Yeah, I pointed that out on the comments page. Tower? Really? 120 feet is a decent height in some places, but it's hardly a tower.
By the way, Emporis' definition of a high rise is a building that is at least 115 feet tall, or one that has at least 12 floors. I kind of think it's a dumb cutoff point. Also, the Austin Fire Department, along with most other cities classify buildings that are at least 75 feet tall to be a highrise. That's even more ridiculous though. I remember the articles a while back (a few years) about sprinkler systems being retrofitted into some of the older dorm buildings around UT. The policy said any building at or above 75 feet (a highrise) had to have sprinklers and other fire safety devices. Believe it or not, some of the older dorm buildings didn't have them, or hadn't been updated in years.
Originally Posted by Myomi
Greyco needs to do a better PR job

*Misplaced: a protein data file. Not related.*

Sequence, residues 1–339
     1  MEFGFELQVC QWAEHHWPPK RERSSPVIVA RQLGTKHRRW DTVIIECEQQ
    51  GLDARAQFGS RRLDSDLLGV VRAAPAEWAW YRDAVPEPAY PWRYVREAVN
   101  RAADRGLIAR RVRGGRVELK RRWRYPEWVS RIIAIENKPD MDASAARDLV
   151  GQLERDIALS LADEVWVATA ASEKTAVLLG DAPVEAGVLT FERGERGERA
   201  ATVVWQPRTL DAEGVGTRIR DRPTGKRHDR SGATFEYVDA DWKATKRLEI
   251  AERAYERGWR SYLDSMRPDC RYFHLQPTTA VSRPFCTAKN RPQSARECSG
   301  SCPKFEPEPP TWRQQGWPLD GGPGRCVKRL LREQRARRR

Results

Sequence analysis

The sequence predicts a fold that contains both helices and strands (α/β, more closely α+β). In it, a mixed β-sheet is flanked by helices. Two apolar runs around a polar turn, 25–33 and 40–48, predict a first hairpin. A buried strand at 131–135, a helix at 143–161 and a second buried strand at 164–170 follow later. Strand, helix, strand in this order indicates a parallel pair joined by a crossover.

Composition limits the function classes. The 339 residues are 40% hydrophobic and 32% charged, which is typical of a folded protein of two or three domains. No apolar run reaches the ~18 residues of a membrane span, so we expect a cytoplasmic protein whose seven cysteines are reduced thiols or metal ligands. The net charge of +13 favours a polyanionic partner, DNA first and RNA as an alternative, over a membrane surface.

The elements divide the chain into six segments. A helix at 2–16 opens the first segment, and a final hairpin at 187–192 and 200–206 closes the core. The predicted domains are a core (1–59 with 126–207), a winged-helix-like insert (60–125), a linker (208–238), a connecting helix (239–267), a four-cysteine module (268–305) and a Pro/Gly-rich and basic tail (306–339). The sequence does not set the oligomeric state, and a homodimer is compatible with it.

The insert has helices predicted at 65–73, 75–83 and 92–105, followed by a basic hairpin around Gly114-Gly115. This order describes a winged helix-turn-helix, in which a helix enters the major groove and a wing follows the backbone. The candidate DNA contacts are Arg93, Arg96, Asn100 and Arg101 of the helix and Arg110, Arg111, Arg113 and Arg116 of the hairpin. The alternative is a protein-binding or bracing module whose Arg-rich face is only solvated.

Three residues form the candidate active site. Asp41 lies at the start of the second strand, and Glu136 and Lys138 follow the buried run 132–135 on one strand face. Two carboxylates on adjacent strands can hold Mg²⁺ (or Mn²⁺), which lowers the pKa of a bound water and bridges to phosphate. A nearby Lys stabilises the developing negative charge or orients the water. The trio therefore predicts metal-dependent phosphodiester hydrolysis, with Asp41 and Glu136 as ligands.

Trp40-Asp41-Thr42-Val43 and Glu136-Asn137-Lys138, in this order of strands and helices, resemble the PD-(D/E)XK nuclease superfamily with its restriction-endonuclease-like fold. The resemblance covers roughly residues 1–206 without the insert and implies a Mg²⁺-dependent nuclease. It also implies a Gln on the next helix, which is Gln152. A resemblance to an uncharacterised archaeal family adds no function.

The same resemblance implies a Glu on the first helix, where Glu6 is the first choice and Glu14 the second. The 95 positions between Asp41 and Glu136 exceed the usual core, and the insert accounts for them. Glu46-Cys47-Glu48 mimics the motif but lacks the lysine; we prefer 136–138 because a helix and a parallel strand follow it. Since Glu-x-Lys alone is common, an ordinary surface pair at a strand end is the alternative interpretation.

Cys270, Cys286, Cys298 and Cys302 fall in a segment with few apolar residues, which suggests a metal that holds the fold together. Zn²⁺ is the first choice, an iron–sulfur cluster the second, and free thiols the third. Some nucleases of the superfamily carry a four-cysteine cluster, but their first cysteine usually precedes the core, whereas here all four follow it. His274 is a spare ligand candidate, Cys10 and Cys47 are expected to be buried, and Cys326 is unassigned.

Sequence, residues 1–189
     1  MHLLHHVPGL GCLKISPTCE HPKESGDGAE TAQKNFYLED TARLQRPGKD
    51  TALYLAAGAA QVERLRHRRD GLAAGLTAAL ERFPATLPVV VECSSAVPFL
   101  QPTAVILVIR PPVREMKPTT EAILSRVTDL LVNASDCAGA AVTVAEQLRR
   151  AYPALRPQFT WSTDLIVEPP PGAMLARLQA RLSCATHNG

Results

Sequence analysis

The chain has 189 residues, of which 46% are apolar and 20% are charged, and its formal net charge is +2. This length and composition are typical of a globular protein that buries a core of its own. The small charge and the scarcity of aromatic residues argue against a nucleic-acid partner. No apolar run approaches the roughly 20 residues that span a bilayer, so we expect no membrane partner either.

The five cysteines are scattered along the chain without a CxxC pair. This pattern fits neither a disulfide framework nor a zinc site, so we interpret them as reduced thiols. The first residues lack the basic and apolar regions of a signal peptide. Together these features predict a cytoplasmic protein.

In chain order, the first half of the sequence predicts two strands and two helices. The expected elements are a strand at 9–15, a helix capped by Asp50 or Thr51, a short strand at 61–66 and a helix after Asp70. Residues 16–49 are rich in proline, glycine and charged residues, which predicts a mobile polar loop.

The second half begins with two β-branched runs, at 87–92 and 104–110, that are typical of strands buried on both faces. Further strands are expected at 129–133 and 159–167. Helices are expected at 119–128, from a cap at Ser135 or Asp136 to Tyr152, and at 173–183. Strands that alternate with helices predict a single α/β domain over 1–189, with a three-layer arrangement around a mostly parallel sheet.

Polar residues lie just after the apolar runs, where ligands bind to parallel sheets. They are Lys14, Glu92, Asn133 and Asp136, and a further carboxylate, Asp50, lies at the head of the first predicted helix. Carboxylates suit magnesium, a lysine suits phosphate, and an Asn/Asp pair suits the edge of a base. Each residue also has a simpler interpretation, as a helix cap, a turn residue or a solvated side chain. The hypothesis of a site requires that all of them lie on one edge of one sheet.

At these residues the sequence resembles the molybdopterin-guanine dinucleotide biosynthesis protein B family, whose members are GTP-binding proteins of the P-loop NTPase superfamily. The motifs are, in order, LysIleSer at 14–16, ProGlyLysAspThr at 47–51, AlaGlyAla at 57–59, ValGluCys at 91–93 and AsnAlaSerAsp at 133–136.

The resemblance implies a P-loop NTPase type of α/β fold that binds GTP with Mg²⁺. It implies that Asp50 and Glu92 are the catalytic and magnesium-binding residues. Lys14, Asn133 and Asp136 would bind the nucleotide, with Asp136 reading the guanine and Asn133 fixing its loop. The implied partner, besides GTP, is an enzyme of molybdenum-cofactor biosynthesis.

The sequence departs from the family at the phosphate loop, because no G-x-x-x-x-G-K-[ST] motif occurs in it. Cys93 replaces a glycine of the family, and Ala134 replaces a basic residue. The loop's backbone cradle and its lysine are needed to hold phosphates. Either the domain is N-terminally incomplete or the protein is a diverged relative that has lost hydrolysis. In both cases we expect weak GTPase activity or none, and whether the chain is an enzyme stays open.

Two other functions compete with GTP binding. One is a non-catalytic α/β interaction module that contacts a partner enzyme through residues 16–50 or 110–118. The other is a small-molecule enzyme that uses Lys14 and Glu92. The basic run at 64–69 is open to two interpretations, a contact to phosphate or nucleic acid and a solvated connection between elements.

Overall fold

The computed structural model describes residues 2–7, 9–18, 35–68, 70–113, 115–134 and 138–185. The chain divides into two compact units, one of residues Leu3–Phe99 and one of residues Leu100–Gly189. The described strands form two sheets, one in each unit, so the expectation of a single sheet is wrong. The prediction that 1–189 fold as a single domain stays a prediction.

I'm always sticking up for the correct terms and information on the subject in Statesman articles or anytime a new project comes along. Even if it's not a highrise or skyscraper project, I try to point out what exactly a 100 foot building looks like or one that is 200 feet or just 50 feet. They should put me on the payroll. LOL Seriously, you'd be surprised how many people are oblivious to building heights, and beyond just the normal general public's ignorance of the subject. I would expect the general public wouldn't know how tall most buildings are or know where to find that info, but for these anti-development folks who are raising their voice and opposing these developments, they should know better. If they claim they know what they're talking about and say they're involved and paying attention to the subject, then they should have better information and arguments than they usually bring up. I'm not even trying to change their mind or convince them that skyscrapers are a good idea, just hoping that they and others make informed decisions and opinions on the subject.